The snap and hold were true, and Naber hammered the ball. The ball took off in a low line drive toward the north goalposts - hooking slightly as it moved through the air in crooked end-over-end fashion --bounced off the inner left upright just barely above the crossbar and tumbled through the goalposts. Good! It was the longest winning field goal in Stanford history. More importantly, it was a 27-24 win, a Pac 10 win and a win which instantly erased the pain of the disappointing September performances.
One week later, Stanford faced the nation's top-ranked team, USC, in the Los Angeles Coliseum. Trying to build on the UCLA win, the Cardinal instead got off to a rocky start, trailing 21-0 at halftime.
Then the Stanford offense awoke. Schonert threw a third-quarter touchdown pass to Dotterer and an early-fourth quarter touchdown toss to All-America wide receiver Ken Margerum , cutting the deficit to 21-14. Then Schonert scored on a 10-yard keeper to tie the game at 21 with four minutes left.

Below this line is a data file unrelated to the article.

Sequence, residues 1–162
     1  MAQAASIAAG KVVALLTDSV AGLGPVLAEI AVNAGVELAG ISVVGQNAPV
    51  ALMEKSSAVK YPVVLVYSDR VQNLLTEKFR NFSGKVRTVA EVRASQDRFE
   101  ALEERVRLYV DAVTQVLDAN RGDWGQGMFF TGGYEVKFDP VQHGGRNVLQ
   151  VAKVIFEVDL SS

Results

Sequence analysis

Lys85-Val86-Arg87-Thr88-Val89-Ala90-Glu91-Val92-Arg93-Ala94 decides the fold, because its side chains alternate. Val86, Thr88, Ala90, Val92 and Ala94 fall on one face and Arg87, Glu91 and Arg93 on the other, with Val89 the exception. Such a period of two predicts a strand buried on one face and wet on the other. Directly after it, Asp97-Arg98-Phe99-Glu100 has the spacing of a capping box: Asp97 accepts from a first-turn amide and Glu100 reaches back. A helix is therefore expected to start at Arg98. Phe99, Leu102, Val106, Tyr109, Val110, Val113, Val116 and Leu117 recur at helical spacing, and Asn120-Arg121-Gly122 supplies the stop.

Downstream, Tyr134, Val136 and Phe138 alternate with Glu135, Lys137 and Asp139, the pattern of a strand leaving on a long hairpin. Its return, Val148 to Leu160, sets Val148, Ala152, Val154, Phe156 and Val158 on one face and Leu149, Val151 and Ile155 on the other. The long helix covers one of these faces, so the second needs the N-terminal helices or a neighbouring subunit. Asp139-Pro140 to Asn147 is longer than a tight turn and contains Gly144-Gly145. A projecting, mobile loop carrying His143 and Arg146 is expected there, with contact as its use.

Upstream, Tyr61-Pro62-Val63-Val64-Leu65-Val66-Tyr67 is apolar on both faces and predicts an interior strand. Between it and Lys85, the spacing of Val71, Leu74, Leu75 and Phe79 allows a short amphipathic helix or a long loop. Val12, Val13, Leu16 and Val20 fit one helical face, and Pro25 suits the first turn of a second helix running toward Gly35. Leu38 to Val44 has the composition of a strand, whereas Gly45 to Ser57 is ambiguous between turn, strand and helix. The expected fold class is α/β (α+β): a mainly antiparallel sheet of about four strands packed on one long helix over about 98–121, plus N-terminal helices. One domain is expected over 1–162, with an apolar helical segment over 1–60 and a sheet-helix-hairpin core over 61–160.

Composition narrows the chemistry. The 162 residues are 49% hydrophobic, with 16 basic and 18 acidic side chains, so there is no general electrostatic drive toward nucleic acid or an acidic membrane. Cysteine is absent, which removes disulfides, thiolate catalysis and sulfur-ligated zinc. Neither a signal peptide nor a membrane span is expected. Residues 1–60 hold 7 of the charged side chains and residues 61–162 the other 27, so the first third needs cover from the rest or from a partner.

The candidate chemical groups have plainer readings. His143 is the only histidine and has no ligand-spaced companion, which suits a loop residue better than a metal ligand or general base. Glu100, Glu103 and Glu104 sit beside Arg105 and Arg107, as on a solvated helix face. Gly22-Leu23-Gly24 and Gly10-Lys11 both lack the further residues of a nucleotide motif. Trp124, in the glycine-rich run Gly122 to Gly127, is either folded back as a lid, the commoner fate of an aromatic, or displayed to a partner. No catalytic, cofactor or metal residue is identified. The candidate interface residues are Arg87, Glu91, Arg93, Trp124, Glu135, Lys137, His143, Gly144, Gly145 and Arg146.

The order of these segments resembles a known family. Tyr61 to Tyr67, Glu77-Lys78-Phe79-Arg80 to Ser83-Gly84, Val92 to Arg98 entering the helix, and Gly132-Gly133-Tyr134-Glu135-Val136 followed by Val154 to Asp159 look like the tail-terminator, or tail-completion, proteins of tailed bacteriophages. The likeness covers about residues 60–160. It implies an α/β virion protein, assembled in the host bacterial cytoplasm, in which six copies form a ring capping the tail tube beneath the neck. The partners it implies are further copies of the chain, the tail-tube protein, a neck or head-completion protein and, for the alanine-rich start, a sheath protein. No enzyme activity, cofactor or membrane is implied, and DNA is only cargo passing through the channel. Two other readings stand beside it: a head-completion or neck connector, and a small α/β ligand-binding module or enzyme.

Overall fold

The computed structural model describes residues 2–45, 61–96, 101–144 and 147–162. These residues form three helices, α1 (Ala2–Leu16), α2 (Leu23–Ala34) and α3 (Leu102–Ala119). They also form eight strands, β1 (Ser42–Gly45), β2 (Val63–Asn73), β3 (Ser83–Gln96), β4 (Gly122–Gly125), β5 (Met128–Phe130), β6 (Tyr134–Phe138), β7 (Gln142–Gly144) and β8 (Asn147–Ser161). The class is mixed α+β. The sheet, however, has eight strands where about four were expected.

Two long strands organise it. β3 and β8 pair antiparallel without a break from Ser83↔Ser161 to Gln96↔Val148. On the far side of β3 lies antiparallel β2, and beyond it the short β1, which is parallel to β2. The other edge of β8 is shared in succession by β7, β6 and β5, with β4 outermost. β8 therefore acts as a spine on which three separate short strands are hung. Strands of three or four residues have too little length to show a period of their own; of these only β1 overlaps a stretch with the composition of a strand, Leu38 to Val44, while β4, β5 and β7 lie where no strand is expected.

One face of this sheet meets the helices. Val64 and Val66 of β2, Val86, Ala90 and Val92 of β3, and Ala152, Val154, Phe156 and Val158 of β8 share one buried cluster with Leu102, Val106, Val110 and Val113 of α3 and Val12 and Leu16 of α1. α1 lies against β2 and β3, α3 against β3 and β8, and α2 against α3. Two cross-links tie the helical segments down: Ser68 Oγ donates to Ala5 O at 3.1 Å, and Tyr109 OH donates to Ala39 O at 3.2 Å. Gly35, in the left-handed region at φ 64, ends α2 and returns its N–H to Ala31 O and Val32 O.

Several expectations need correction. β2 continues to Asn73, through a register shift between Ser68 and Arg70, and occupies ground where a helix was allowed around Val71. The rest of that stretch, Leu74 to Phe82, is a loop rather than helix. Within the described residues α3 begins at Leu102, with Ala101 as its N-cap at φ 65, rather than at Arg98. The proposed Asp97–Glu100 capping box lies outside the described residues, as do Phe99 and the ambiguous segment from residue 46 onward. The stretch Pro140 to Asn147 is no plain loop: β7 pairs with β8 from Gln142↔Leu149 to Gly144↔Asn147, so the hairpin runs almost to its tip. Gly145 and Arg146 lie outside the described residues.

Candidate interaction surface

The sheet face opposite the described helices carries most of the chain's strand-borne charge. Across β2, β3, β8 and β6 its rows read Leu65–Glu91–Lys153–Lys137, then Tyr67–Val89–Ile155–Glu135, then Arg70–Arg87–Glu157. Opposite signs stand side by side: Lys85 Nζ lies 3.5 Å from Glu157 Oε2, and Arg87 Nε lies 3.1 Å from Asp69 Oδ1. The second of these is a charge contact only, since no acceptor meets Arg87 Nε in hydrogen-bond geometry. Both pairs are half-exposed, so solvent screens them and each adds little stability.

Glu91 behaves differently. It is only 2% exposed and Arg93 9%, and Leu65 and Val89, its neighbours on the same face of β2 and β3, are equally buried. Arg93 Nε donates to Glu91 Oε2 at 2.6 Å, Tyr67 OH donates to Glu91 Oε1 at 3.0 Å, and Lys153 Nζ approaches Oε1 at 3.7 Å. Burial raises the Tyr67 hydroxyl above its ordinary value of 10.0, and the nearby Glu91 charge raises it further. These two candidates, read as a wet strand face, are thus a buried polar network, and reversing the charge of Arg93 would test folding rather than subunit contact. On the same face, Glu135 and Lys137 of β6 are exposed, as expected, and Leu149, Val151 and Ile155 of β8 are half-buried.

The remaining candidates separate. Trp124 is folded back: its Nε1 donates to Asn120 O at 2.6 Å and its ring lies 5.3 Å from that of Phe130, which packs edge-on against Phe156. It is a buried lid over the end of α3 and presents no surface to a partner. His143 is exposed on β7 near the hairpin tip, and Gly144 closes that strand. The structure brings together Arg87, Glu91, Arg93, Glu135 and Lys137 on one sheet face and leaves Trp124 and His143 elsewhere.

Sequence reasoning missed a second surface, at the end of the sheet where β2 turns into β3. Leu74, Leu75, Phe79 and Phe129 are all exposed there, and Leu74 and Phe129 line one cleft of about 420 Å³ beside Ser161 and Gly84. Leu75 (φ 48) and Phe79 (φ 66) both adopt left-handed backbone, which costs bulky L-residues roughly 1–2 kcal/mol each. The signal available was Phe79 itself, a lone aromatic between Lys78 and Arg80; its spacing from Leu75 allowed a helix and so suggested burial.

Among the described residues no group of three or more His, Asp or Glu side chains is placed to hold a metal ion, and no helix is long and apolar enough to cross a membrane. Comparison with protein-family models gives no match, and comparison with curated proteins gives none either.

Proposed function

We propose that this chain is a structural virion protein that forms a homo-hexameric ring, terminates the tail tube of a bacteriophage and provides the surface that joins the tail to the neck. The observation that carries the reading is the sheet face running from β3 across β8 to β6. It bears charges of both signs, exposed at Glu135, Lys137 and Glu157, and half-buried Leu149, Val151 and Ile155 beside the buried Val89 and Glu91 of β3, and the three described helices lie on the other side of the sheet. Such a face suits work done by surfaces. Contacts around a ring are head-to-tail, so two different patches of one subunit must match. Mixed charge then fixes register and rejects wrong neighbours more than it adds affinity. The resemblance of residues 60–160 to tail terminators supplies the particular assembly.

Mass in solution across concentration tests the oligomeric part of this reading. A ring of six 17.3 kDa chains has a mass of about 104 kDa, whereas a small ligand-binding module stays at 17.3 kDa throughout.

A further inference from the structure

USC had the ball in the final minute, moved the ball into Cardinal territory and with three seconds left Trojan kicker Eric Hipp positioned himself for a potential 39 yard game winning field goal. But USC holder Jeff Fisher fumbled the snap, allowing Gordon Banks -- for a second straight week -- to burst into the backfield and block the kick.
The stunning final score: Stanford 21, USC 21. Stanford had tied the nation's No. 1 team in what would be the only blemish on USC's 11-0-1 Rose Bowl-winning campaign.
Two weeks in early October and two amazing Stanford performances. And with a 20-point victory the following week at Arizona, the Cardinal suddenly owned a share of first place in the conference race, with a 2-0-1 Pac 10 record. Could the momentum built upon the dramatic wins over UCLA and USC be sustained, perhaps all the way to the Rose Bowl?
Alas, it could not.